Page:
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'Out of Sight': Everything Is All Right

By Michael O'Sullivan
Washington Post Staff Writer
Friday, June 26, 1998

  Movie Critic


Out of Sight
Ving Rhames and George Clooney plan a diamond heist in "Out of Sight." (Universal)

Director:
Steven Soderbergh
Cast:
George Clooney;
Jennifer Lopez;
Ving Rhames;
Dennis Farina;
Don Cheadle;
Albert Brooks;
Steve Zahn;
Catherine Keener
Running Time:
2 hours, 9 minutes
R
Profanity; shootings; a stabbing and fistfight; mangled goldfish; implied sex
This just in: Limp-necked "E.R." star George Clooney has been cured of the degenerative muscular disease that prevented him from holding his head up straight. In "Out of Sight," a droll and beguiling adaptation of an Elmore Leonard novel, Clooney for once stands erect, looks into the camera, proves he can act.

Apparently, somebody finally told him to lose that cheesy come-hither look perfected over four seasons as TV's sly and sexy Dr. Doug Ross and in a handful of lackluster film roles as roguish charmers. Although in "Out of Sight" Clooney still occasionally peers seductively from beneath those devilishly handsome eyebrows, he is more forthright and upstanding than ever-but no less unctuous-as Jack Foley, bank robber par excellence. In over 200 heists, the consummate schmoozer has never had to use a gun. As he explains it, most people are all too willing to give you money, "if you ask in the right way."

Jack may be good at what he does, but he's not perfect. In fact, he's spent a heck of a lot of time in jail, most recently in Florida's Glades Correctional Institution. That wasn't his fault though. In his haste to get away, he flooded the engine of his beat-up Honda, allowing the authorities time to arrest him. Don't you hate it when that happens?

Jack is just one of a dozen enormously appealing personalities in "Out of Sight," a character driven vehicle about one man's efforts to stay out of jail while continuing to break the law. The movie's main charm lies in its array of quintessentially Elmore Leonard oddballs. They're all regular folks-stupid, funny, venal, smart, conniving and gullible. It's just that some of them (okay, most of them) happen to be members of the criminal element.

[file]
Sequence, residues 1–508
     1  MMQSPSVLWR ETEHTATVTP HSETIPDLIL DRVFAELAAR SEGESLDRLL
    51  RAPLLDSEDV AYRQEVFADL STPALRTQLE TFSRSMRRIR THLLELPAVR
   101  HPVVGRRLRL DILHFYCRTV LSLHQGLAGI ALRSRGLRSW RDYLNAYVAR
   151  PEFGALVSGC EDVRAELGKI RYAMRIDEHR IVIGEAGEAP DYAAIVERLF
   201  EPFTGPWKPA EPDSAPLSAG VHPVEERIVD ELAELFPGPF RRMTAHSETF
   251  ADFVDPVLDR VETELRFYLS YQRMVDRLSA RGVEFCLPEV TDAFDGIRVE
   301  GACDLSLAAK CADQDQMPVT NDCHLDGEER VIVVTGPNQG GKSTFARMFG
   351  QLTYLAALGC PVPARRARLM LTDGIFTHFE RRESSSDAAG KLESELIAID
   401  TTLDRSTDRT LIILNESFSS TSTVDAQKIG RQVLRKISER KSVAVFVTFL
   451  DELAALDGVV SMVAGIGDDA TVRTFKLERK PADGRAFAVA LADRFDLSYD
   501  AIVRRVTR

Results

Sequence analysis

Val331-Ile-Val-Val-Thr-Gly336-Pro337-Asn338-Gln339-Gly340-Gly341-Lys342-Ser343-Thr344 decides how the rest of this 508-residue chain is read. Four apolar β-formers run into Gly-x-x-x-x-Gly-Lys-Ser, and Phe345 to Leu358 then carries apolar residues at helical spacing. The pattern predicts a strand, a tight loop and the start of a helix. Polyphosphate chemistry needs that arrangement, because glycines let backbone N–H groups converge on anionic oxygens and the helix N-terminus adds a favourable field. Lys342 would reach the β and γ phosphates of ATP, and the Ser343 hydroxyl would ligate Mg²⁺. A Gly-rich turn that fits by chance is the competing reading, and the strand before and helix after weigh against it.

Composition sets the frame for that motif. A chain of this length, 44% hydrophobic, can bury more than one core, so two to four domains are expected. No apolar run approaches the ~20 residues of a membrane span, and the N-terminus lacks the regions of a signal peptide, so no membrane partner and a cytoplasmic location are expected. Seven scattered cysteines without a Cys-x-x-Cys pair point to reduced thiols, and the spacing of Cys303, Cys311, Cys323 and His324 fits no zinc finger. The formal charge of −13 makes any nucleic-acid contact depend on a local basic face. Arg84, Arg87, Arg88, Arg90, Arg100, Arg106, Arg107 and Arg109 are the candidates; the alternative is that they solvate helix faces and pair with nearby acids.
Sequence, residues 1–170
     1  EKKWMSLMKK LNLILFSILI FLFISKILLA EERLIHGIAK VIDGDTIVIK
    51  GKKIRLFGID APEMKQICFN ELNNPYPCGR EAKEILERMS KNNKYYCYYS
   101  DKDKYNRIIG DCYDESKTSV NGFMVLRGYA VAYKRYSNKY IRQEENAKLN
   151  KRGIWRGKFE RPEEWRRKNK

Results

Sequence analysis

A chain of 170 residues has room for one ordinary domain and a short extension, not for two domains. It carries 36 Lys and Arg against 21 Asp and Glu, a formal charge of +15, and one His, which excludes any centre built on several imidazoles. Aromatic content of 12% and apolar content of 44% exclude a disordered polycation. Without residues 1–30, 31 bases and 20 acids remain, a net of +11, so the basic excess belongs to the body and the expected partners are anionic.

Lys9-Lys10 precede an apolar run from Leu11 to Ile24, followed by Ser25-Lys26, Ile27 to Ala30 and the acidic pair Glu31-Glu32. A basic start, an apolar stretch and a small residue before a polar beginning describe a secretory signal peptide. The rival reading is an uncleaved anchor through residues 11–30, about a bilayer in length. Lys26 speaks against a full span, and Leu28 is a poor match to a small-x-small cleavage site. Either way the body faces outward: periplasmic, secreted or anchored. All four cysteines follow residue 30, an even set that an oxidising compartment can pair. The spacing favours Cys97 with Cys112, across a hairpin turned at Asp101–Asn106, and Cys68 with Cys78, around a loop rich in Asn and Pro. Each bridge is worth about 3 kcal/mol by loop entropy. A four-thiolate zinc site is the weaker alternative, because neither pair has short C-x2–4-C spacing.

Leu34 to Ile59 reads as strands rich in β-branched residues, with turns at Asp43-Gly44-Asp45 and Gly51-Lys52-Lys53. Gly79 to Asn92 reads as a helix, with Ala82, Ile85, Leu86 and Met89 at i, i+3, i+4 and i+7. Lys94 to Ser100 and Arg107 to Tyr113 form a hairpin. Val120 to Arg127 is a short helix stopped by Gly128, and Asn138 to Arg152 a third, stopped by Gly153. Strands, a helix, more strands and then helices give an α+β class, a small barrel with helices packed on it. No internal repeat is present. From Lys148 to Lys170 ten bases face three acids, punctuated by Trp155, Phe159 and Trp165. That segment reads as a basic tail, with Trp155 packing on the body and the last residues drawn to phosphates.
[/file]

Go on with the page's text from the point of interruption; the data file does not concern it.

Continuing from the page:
There's Buddy Bragg (Ving Rhames), Foley's pal who helps spring him from the pen. He doesn't have a problem abetting a prison escape or a burglary, so long as he cleanses his conscience with a telephone confession to his born-again sister. Federal Marshal Karen Sisco (Jennifer Lopez) has sworn to apprehend Foley, after having been taken hostage during the jail break. But she kind of got the hots for him while they were hiding in the trunk of the get-away car. It seems they both love old movies.

The intricate plot of "Out of Sight" concerns Jack's attempt to rob billionaire ex-con Richard Ripley (Albert Brooks) of his cache of uncut diamonds. It may be hard for some to follow, as director Steven Soderbergh's camera deftly flashes back from the present to the past, then leapfrogs over itself to the future and then back again until the action catches up to itself, but the story structure is less central to "Out of Sight's" accomplishment than its cast of singular characters.

They are people like Chino (Luis Guzman), another escapee who, while being hand-cuffed face down in the dirt by a lady cop, takes the time to comment, "Nice purse." Or like Glenn Michaels (Steve Zahn), the stoner blabbermouth whom Jack and Buddy can't seem to shake. Finally it dawns on him that they don't trust him. "Oh, I see," he says. "You guys are cynical."

Such tart, blase» observations are just one of screenwriter Scott Frank's many wry treats. The characters all seem to have known each other for years, refering to long-held grudges and resentments that only gradually are revealed to the audience. They're a seedy, petty, dangerous and delightful bunch, and one which you would be remiss not to spend a couple of hours with.

   
© Copyright 1998 The Washington Post Company

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